Nature-Wise: Environmental Programs for School, After-School, and Home

Nature-Wise: Explore the environment, our place in it,
and our power to protect all living things
Youth Engagement Programs for School, After-School, and Home
with Children’s Book Author, Literacy and the Environment Consultant Caroline Brewer *

Nature-Wise helps children and teens understand and practice, on creative levels, that human beings are included in the definition of the environment. Protecting it is protecting us. We can’t protect what we don’t know or understand. The good news is that from our earliest days, we practice literacy and that opens a world of wondrous possibilities and opportunities to explore all the literacies — reading, writing, speaking, seeing, hearing, visual arts, music, dance, games, and so many more – as we dig deeper into the natural world, our place in it, and our power to be climate activists and better protect all living things.

With the Nature-wise Student Engagement Program, students will be treated to at least one of the following opportunities  based on a series of presentations:

  • Explore human and wildlife literacies, the environment as a love story and a reason to say their names
  • Engage with books that share paths for how to tap into our gifts, super-powers, and “somebodiness” as Dr. King explained, to explore our place in the natural world
  • Engage with books that help students get hooked on reading and writing and the exploration of a variety of literacies
  • Introduction to children’s literature on the environment and artistic responses to stories
  • Explore and respond to stories of “belonging” in nature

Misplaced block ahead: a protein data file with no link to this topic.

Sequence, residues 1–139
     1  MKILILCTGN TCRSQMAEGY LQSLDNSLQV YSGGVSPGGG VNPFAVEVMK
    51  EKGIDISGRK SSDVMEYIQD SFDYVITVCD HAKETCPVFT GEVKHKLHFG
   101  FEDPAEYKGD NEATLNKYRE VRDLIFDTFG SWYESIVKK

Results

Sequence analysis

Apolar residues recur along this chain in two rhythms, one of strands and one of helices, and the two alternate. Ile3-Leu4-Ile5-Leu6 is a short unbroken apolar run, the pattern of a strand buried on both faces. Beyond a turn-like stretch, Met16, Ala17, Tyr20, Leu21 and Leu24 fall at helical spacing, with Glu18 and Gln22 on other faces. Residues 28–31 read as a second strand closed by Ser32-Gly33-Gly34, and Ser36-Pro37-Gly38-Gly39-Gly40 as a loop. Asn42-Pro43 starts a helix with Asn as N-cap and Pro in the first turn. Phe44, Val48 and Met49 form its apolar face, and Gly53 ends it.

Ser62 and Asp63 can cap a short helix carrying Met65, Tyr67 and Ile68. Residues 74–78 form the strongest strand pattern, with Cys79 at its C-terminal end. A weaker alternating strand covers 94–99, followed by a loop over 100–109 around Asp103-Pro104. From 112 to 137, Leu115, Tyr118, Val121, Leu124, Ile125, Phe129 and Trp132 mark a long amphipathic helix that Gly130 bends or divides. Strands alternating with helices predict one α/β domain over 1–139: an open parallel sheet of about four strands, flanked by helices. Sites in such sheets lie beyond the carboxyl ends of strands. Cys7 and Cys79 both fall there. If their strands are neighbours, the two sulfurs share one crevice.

• Explore the power of poetry to articulate feelings and observations about the environment
  • Meet local, national, and global environmental champions through books and online resources
  • Explore and evaluate wildlife (colors, shapes, patterns, textures, and behaviors of plants, animals, waterways, and humans) in our school and home neighborhoods; Create a neighborhood nature encyclopedia
  • Address fears about being outside and about various forms of wildlife
  • Create and play vocabulary games based on books and other literature
  • Write class and individual letters to authors and environmental champions
  • Create interview questions for environmental champions and authors
  • Create artwork inspired by stories and the work of environmental champions

*Professional Development Trainings for educators are also available. Email or Click here:

NOTE: All photos in the graphic, except the Ghanaian child pointing to the garden egg in the garden, are images from the FREE e-book, Belonging: African Americans in Nature Photography Project, created by Nature Forward in partnership with the U.S. Forest Service’s Urban and Community Forestry Program.